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Decreasing Energy Intensity in Manufacturing: Assessing the Strategies and Future Directions of the Industrial Technologies Program 5 Conclusions and Recommendations The Industrial Technologies Program (ITP), an activity of the Department of Energy’s (DOE’s) Office of Energy Efficiency and Renewable Energy (EERE), has evolved over time into a well-managed and effective program. The ITP approach to project selection—that of identifying focus areas, barriers, and pathways—is solidly based, using a variety of sources, including industry roadmaps, footprint and bandwidth analyses, energy and environmental profiles, and other documents and data, together with ITP and industry expertise. A highly detailed Multi-Year Program Plan (DOE, 2004a) is in place, and annual reports are issued on the overall program and on the subprograms. The program significantly leverages its resources through a large and growing number of partnerships with industry, industry associations, and academic organizations. To help transfer energy-saving technologies, numerous documents are published on energy best practices and energy-saving tips. Regional energy showcases are held periodically to highlight energy conservation technologies, including ITP investments in demonstration projects. The scope and depth of analysis and reporting are impressive. The ITP has two overall goals: the achievement of a 25 percent decrease in energy intensity for the energy-intensive Industries of the Future (IOFs) between 2002 and 2020 and the commercialization of more than 10 energy efficiency technologies between 2003 and 2010. The program is on track to achieve its goals and has an opportunity to exceed them if it continues to focus on improving performance. Current ITP leadership is strong, and the enthusiasm, dedication, and knowledge of subprogram managers are noteworthy. In the spirit of continuing to improve an already excellent program, the committee offers the following recommendations. Recommendation 1. Explore new ways to benefit industries other than those directly targeted through Industrial Technologies Program (ITP) partnerships. Several additional industries, including the petroleum-refining, food-processing, and concrete industries, could benefit from energy-saving technologies. The opportunities for reducing energy intensity in these other industries are too large to ignore. For example, as noted in the Multi-Year Program Plan, petroleum refining accounts for 17 percent of the energy consumed by industry (DOE, 2004a, p. 33). While the committee encourages finding ways to include additional industries in the ITP, it is important that this not be accomplished at the expense of other subprogram areas. Disagreements with current industry partners over funding could prove disruptive to the ITP and a distraction for the staff. Possible ways to include other industries without cutting existing industry subprograms include emphasizing applications of crosscutting technologies (e.g., sensors and automation, and combustion),
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Decreasing Energy Intensity in Manufacturing: Assessing the Strategies and Future Directions of the Industrial Technologies Program using funds available from the elimination of peripheral education activities, or seeking new funding for grand challenges. However, the ITP may not have to start from scratch with each additional industry. Program managers should increase efforts to promote and disseminate the ITP’s accomplishments and broaden its benefits to additional energy-intensive industrial locations by: Increasing face-to-face contact of ITP subprogram staff with technology developers, equipment manufacturers, system designers, and technology end users by encouraging appropriate travel for headquarters personnel and mandating their attendance at technical meetings, at visits to project sites, and at potential end-user locations; Allocating additional resources to the regional offices (ROs) of the Office of Energy Efficiency and Renewable Energy and refocusing the efforts of RO personnel in order to integrate them more effectively into ITP project activities and directing them to work closely with headquarters staff and industry partners to extend the impact of ITP projects to additional industrial sites; and Remodeling the ITP Web site to make information more easily accessible to all levels of industry management and to emphasize the cost benefits of energy conservation technology. Finding ways to increase the quantity and quality of face-to-face and Web site communications to industry is indispensable for broadening the ITP’s impact and creating the opportunity to exceed program goals. It is especially important to understand who the key industry decision makers are and to tailor communications to reach them and their personnel. Recommendation 2. Develop more effective mechanisms for collaboration and coordination across Industrial Technologies Program (ITP) subprograms and projects to reduce stovepiping and to encourage the achievement of broader goals. It appears to the committee that in some cases there is inadequate communication among subprogram areas and that opportunities for synergy are not being realized. More crosscutting communication and sharing of ideas between project teams are needed (to prevent stovepiping). Areas in which increased collaboration could be realized include melting technologies and sensors. Options to consider include the following: (1) holding topical workshops that highlight projects from different subprogram areas but that have a common theme, such as improved energy efficiency in melting; (2) modifying the solicitation process to include review by personnel from different industries to look specifically for increased collaboration; and (3) for projects that have both environmental and energy benefits, conducting reviews with the Environmental Protection Agency to look for ways to multiply those benefits. However, the most important option to consider is the creation of a class of grand challenges that integrate projects in several industries toward a greater goal. The important factors in defining a grand challenge are these: (1) the definition of a starting point in time, (2) the identification of an endpoint at which success is achieved, and (3) a level of difficulty that is challenging but not impossible. The difference between a challenge and a grand challenge is that the latter can only be achieved through the cooperation and collaboration of a number of partners in different industries, carrying out projects of different sizes, but all aimed at achieving a shared goal. As part of a grand challenge strategy, the ITP should continue to pursue plans to increase the average size of projects, but it should also continue to maintain a healthy balance of small, medium, and large projects. The trend toward larger projects offers opportunities for correspondingly larger energy savings and is therefore attractive. Pursuing success in grand challenges may increase the risk of large failures and fewer successes. An additional risk is that small to medium-sized companies may lose out in the program opportunities when compared against large firms with ample resources and influence to commit to large projects. Loss of the creative energies and viewpoints of small and medium-sized companies would be undesirable. The committee urges caution.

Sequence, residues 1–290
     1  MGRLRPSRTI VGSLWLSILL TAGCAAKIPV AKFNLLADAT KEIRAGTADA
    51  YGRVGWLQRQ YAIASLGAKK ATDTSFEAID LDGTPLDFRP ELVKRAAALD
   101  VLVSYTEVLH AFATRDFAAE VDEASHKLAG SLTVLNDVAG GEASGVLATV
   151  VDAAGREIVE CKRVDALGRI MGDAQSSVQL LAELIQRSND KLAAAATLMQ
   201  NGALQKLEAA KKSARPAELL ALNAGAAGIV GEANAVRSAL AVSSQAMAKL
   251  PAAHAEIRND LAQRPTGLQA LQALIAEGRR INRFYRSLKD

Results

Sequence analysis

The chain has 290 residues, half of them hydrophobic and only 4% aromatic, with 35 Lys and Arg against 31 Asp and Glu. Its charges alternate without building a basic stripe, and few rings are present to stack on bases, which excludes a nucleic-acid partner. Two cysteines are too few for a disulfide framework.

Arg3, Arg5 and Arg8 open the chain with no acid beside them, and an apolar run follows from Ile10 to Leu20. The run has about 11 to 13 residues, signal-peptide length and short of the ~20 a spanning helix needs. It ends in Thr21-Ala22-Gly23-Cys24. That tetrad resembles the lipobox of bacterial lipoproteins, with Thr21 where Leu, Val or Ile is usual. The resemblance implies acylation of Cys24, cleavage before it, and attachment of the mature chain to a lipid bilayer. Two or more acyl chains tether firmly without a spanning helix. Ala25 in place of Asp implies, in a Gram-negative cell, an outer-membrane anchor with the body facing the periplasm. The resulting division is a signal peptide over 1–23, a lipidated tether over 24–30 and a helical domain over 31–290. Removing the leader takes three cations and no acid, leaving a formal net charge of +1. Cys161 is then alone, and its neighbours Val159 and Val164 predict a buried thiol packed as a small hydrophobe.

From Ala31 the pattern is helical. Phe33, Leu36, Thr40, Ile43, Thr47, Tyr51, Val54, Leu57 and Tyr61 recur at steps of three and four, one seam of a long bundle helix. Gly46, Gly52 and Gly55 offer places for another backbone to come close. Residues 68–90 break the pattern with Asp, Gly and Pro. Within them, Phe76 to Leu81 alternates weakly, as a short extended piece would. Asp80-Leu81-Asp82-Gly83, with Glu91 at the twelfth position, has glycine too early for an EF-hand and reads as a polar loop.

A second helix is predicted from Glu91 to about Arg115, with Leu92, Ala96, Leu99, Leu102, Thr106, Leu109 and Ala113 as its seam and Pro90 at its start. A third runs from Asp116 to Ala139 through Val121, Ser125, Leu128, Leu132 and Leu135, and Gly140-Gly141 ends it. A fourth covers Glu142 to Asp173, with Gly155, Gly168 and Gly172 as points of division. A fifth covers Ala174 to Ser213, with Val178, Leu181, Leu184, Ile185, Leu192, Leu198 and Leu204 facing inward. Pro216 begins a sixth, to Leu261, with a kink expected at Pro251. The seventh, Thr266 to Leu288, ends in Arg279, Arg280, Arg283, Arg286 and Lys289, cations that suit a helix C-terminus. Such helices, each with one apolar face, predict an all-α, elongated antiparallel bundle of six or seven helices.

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Decreasing Energy Intensity in Manufacturing: Assessing the Strategies and Future Directions of the Industrial Technologies Program Recommendation 3. Redirect student education activities to other governmental entities that have direct educational missions, with the exception of those activities directly related to the plant assessments performed by students for the Industrial Technology Program’s (ITP’s) Industrial Assessment Centers. Because the mission of the ITP is energy savings, not education, any student educational activities undertaken by the ITP should be justified in terms of their energy-saving results, not their educational goals. Grants to states for educational purposes appear to the committee to be peripheral to ITP goals. State educational goals are not primary to the industrial program, and so these funds might effectively be reallocated to areas that directly impact ITP goals. Other government entities that have major educational missions, such as the National Science Foundation, are more appropriate for managing student education initiatives. Note that the Industrial Assessment Centers, for which students carry out on-site energy assessments for small to medium-sized manufacturing facilities, are an integral part of the ITP. Engineering students involved in these assessments gain an educational benefit that is a by-product of the activity, not the primary goal. Small and medium-sized facilities gain significant insight into energy-saving opportunities. Recommendation 4. Review Industrial Technologies Program (ITP) subprogram management practices to ensure clarity and consistency or, where practices differ, to ensure that differences are justified. Differences in management practices exist among the ITP subprograms. For example, the American Iron and Steel Institute manages steel solicitations outside the ITP for a management fee. Mining subprogram solicitations are managed internally by the ITP, and contract management appears divided between the ITP and industry for the forest products subprogram. If these differences are appropriate, the reasons should be clearly understood and communicated to stakeholders. This disparity raises some concern about the uniformity of criteria used to discontinue funding of marginal or failing projects and, indeed, about how the ITP judges them. Greater uniformity in program management practice is urged. Recommendation 5. Increase benefits by propagating the Industrial Technologies Program (ITP) strategy, where appropriate, to other programs in the Office of Energy Efficiency and Renewable Energy. Divestitures to other parts of the EERE (e.g., agricultural industries to the Biomass Program) may make sense organizationally, but they currently dilute the practices of the ITP and increase the chance for management and budgetary inconsistencies. However, if the ITP model (also used in the Partnership for a New Generation of Vehicles and FreedomCar programs) can be channeled to other programs in the EERE, the benefits would increase overall. The strategy of partnering with the end user of the technology to determine overall program goals, set grand challenges, and share in the project costs is a proven success. The energy savings are easily quantified, and the satisfaction of the industry partners is clear. Expanding the strategy to other programs in the EERE is a clear tactic to improve both.